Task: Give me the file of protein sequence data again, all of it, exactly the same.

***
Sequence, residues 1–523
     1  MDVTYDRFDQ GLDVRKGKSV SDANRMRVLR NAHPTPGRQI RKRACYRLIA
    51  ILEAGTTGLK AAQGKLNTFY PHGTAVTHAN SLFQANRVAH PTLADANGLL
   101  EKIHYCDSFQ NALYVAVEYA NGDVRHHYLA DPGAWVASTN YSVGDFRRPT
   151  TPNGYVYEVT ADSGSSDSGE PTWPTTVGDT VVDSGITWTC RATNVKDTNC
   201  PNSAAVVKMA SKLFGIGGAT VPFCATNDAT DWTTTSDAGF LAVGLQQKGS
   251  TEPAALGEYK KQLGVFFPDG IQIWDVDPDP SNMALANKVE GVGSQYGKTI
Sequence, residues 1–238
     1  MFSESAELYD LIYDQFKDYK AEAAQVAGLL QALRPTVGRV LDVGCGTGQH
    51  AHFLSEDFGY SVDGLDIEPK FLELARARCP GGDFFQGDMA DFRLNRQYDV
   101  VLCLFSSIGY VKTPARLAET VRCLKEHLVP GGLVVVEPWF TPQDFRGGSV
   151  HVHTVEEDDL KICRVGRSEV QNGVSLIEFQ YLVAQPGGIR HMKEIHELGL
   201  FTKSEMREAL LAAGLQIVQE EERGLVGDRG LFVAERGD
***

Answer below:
Sequence, residues 1–523
     1  MDVTYDRFDQ GLDVRKGKSV SDANRMRVLR NAHPTPGRQI RKRACYRLIA
    51  ILEAGTTGLK AAQGKLNTFY PHGTAVTHAN SLFQANRVAH PTLADANGLL
   101  EKIHYCDSFQ NALYVAVEYA NGDVRHHYLA DPGAWVASTN YSVGDFRRPT
   151  TPNGYVYEVT ADSGSSDSGE PTWPTTVGDT VVDSGITWTC RATNVKDTNC
   201  PNSAAVVKMA SKLFGIGGAT VPFCATNDAT DWTTTSDAGF LAVGLQQKGS
   251  TEPAALGEYK KQLGVFFPDG IQIWDVDPDP SNMALANKVE GVGSQYGKTI
Sequence, residues 1–238
     1  MFSESAELYD LIYDQFKDYK AEAAQVAGLL QALRPTVGRV LDVGCGTGQH
    51  AHFLSEDFGY SVDGLDIEPK FLELARARCP GGDFFQGDMA DFRLNRQYDV
   101  VLCLFSSIGY VKTPARLAET VRCLKEHLVP GGLVVVEPWF TPQDFRGGSV
   151  HVHTVEEDDL KICRVGRSEV QNGVSLIEFQ YLVAQPGGIR HMKEIHELGL
   201  FTKSEMREAL LAAGLQIVQE EERGLVGDRG LFVAERGD